The European Union should introduce universal renewable energy support mechanisms for all member states to reduce tension between conflicting policies.

This is the main conclusion from a report by the European Parliament's Committee on Industry, Research and Energy, which highlights the need for a more integrated approach at the EU level for promoting renewables.

The report underlines how disparities between renewables markets within the EU have led to a situation within which different support mechanisms, potentials and different levels of technology maturity co-exist.

Committee members said a more integrated system at the EU level could help to provide a more cost-effective framework for the EU to increase its adoption of renewables and they asked the commission to assess the potential of an EU-wide mechanism for promoting renewables.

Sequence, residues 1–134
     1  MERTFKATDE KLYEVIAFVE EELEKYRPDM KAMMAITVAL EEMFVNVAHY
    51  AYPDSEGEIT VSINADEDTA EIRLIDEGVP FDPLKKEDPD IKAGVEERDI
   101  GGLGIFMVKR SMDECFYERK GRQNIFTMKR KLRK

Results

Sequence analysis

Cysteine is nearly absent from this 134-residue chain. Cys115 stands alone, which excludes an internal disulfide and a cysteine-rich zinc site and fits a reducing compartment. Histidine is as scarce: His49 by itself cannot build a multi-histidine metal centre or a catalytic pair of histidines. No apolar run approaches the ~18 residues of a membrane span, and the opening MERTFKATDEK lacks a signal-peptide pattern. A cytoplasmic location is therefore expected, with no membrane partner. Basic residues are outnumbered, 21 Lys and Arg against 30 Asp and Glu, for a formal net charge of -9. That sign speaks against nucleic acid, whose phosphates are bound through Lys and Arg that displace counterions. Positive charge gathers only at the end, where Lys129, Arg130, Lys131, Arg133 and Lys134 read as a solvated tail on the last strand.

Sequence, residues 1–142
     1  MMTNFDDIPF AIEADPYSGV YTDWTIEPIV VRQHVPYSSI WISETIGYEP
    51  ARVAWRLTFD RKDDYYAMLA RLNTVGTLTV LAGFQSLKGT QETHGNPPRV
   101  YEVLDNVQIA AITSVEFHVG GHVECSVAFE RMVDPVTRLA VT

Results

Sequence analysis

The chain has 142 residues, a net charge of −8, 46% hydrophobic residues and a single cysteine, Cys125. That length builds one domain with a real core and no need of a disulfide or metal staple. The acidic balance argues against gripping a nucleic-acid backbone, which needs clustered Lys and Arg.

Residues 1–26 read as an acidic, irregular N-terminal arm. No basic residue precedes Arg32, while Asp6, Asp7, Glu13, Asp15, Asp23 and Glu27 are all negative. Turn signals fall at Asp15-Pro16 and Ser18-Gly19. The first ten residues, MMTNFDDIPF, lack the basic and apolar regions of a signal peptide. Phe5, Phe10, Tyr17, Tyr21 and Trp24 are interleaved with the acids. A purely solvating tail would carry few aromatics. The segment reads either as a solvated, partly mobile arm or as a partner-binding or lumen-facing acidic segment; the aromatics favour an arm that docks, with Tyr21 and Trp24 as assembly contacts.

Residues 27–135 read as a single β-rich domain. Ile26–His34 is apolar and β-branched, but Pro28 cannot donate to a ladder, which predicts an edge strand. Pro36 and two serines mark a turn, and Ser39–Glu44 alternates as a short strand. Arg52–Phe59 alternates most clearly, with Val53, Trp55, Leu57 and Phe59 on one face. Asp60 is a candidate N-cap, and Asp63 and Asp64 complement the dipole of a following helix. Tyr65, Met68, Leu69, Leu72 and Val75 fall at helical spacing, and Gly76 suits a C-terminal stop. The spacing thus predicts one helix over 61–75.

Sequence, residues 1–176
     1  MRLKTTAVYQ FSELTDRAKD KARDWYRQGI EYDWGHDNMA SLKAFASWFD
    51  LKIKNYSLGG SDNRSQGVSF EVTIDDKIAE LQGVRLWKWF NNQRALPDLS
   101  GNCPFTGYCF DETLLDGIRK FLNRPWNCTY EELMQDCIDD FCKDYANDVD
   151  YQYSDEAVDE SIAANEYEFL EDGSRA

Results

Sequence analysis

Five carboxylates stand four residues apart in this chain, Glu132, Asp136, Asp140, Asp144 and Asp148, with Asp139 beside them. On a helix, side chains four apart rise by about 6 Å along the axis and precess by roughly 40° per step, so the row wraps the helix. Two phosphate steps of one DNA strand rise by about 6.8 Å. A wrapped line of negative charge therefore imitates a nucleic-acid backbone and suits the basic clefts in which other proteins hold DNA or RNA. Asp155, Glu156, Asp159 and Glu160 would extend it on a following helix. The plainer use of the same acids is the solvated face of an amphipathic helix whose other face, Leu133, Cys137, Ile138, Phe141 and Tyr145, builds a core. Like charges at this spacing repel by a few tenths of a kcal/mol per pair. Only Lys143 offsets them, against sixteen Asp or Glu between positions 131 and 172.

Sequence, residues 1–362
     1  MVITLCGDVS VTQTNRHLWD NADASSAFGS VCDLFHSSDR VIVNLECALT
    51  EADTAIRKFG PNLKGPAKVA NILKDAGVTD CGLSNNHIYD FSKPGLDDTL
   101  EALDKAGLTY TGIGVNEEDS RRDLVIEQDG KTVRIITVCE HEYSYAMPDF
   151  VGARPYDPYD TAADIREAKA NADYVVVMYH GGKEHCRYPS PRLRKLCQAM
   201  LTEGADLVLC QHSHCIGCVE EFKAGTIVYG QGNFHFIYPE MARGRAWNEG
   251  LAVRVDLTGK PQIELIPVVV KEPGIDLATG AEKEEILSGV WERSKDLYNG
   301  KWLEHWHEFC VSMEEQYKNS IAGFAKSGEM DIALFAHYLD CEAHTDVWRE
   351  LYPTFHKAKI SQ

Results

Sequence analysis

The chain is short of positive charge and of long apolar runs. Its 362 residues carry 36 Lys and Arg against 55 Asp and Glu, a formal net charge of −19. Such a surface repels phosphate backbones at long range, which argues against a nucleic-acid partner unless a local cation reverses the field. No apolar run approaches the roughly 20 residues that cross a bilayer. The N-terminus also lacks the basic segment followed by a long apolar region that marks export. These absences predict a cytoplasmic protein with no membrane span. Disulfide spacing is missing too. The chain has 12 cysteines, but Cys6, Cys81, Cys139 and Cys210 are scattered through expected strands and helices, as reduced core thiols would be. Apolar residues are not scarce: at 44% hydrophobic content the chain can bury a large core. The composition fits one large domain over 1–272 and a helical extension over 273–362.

“The report gives a realistic overview about the challenges ahead for renewable energies, but also the opportunities they bring. We all expect the share of renewables to grow, but we will only be able to accommodate such growth if the required infrastructures are in place,” said Herbert Reul, a member of the EU and German Christian Democrat Party.

“Our current arrangement with a wide variety of different support mechanisms is certainly not ideal, especially with regard to the internal energy market. In the future we should find a more European approach.”

This uneven pattern is causing problems for the UK. In February, the European Commission announced the referral of the UK to the EU Court of Justice over claims that its reduced VAT rate for the supply and installation of energy-saving materials was against European law.

The European Commission states that there is no provision in the EU VAT Directive to allow a universal application of reduced VAT for energy-saving materials, including solar PV and solar thermal modules.

The committee has voted 49 to 7 with one abstention in favour of adopting the recommendations contained in the report. The European Parliament will vote on whether or not to take its recommendations forward on 15 April.